What Makes a Good Manager? 5 Tips For Promoting For Success

what makes a good manager

Have you ever wondered how someone at your company ever became a manager? What is it about that person that made them stand out more than other, more qualified candidates?

Judging from the number of books, papers, and articles written on the topic, you’re not alone.

There are many reasons why so many managers never pan out in the American corporate landscape. Most companies promote based on individual performance; those who work hard get rewarded.  But, this is often an ineffective way of promoting individuals.

We may value hard work and achievement above anything else, but those skills don’t necessarily mean they know how to lead others to be successful.

So, what qualities make a good manager? And how can your organization qualify and support the right people for the job?

Here are 5 tips for finding the right management fit:

1. Find out what their goals are

Not everyone has aspirations for management, and others want to become managers for the wrong reasons. Ask your team who might want to take on those responsibilities. Then, give them a few tasks to see what their real potential is. Natural management skills are not so easy to detect, so you may be surprised to find how their additional responsibilities are handled.

If they excel in those tasks, give more and more gradually. Be sure it doesn’t overburden them while they have to do their regular job, as burnout is a risk.

2. Follow a process

Most corporations don’t have a set process of how leaders are groomed and then promoted. They choose the best ground level employees and reward their successes with a promotion. They think their work ethic will just flow over to their subordinates and everyone below them will follow the behaviors of that individual.

This is rarely the case. Many times these future leaders are not trained in how to effectively oversee a team, and it leads to conflict.

Ensure that you have a process in place to groom your employees to become better managers. This training will help prepare them for success, and cause less friction down the line.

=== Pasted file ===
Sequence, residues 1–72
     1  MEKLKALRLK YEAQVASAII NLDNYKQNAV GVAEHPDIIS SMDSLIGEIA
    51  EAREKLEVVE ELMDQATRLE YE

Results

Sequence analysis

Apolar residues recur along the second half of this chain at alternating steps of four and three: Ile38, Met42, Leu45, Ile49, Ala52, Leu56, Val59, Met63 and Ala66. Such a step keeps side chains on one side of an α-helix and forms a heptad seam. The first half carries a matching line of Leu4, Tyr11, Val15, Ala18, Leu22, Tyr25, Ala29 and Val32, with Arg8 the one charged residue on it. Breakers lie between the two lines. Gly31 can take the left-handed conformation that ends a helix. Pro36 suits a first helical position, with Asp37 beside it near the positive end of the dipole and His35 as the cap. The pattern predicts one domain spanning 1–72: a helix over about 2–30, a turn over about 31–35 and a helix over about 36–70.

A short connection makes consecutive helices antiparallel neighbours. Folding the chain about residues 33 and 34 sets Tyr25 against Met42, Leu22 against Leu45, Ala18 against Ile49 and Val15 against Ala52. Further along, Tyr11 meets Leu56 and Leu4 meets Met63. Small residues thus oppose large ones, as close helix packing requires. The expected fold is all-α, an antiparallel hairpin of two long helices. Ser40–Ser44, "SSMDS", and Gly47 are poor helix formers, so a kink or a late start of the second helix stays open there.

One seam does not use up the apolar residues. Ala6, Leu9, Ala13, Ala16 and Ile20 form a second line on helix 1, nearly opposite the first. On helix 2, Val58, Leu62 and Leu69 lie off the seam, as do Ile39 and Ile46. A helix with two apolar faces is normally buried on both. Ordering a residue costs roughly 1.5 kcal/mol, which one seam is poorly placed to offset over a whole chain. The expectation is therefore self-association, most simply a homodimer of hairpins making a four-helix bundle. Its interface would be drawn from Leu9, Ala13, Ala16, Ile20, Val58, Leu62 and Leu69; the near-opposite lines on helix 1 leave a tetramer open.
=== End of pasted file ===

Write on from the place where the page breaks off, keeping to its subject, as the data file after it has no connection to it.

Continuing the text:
3. Involve them in team building activities

By taking your team on a field trip and run some team building activities, you can often see those have natural abilities to lead others from the way they handle these. Look for those who are not just leading, but nurturing others and encouraging them to do better. These types tend to be the best leaders. Getting people out of their natural settings is a good way to observe their natural behaviors while giving your team a break from their daily routine.

4. How do they handle crisis

When things go wrong in your organization, who can step up and handle the pressure? One key trait of a good leader is to see how well they handle crisis. Many managers spend too much time trying to figure out who to blame or what caused the problem rather than solving it in an effective way. You want a person who can handle stress well.

5. Know when to look outside of your team

There is no perfect science for finding the right managers. In some cases, there might not even be an ideal candidate on the team. It might be best to bring in someone from outside the organization to help manage it. It’s easy to think that the process is personalized that you need someone from the inside or your processes are too complex to bring in a new person to manage. Though, if your process is too complex, it may be a reason in itself to get an outside opinion.

Finding the perfect manager isn’t an exact science, but that doesn’t mean there aren’t some logical steps in the process. It’s important to be open with everyone and let them know when a management opportunity is open. When a manager is selected, it’s important to let everyone know why they were selected and work with the team in their transition. Following these steps will help you promote the right managers and set them up for success.

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Arthur Kim